Saturday, April 23, 2011

What Am I Talking About?, Part 4: Legislation

I have shown how rules are like laws and in a government  a legislative body enacts the laws, so who in sports has the power to legislate? Every sport or game has a governing body with a legislative arm. As an example, in basketball the governing body can be as simple as two people in a pickup game agreeing to a set of rules or as complex as a major international federation, like FIBA.

Just as the body itself can take many forms, the nature of the legislative arm can vary between different governing bodies. These often closely model the different forms of legislatures that exist in politics.

There is anarchic rule by consensus, such as the pickup game example. There are also parliamentary systems such as the NFL, which requires a rule to be proposed and evaluated by the competition committee, published, and then voted upon by the owners to be enacted. Finally, there are autocratic systems in which a single member or a small board simply evaluates and modifies the rules as it sees fit or necessary, such as the NASCAR competition committee. It should be noted that unlike in government, none of these systems has shown itself to be better or worse in terms of abusing power or the quality of the rules produced.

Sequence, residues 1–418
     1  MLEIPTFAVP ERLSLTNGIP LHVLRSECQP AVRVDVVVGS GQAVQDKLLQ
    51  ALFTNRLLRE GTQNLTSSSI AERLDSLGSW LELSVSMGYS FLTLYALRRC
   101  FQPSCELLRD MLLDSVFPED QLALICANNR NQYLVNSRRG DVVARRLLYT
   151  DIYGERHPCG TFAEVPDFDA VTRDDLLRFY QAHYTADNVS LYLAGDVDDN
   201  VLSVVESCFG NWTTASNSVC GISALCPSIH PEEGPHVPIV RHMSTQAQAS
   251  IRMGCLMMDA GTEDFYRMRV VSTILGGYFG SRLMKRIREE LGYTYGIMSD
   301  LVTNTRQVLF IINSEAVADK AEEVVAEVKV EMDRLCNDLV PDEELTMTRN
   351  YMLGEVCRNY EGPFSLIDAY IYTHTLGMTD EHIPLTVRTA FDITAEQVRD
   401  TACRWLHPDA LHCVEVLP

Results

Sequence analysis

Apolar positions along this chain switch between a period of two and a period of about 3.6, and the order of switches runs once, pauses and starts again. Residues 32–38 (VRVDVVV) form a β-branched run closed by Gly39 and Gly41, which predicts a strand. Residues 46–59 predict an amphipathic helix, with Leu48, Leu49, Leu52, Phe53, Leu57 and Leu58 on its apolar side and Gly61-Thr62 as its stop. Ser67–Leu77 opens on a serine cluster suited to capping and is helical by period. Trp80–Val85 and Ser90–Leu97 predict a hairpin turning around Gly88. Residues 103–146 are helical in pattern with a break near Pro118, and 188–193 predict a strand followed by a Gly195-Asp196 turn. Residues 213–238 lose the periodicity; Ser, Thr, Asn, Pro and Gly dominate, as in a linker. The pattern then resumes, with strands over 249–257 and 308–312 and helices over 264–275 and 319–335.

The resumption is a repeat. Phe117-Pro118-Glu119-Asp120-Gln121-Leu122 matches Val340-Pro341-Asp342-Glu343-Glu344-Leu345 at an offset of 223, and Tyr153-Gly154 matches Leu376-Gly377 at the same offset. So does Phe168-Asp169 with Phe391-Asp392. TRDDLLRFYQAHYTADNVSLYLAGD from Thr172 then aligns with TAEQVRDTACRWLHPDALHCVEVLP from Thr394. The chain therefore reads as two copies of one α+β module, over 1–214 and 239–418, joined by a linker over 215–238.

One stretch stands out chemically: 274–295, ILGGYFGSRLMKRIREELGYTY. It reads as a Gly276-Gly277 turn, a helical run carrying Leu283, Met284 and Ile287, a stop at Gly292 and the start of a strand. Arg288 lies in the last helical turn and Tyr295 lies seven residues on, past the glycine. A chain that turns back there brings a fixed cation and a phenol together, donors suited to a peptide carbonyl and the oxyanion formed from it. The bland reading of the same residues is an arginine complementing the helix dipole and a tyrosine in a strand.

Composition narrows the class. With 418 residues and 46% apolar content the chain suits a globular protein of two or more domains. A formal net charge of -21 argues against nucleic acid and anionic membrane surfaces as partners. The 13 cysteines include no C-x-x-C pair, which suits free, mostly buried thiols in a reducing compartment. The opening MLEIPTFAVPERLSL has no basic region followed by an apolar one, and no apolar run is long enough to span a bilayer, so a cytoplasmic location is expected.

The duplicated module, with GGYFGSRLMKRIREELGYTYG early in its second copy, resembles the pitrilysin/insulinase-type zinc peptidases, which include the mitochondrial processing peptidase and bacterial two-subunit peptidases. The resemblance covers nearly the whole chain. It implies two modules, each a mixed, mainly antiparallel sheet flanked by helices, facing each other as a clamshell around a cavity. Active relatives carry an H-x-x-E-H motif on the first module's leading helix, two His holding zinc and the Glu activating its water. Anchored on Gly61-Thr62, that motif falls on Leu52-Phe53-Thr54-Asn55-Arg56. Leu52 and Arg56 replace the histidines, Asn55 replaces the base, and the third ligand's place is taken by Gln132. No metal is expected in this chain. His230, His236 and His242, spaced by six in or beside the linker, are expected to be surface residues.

Some governing bodies, like the USGA, produce model rules that can be adopted or modified for use by parallel or smaller bodies. As in any federal system, the rules of an international federation serve this purpose for the smaller bodies under its jurisdiction in addition to serving as competitive rules at the highest level.

As they are less formal and usually governing societies much smaller than governments, there is often a fair amount of overlap accepted between the different branches of governing bodies. The legislative arm is usually the most independent branch, as few sports have a judiciary that is truly independent from the executive.

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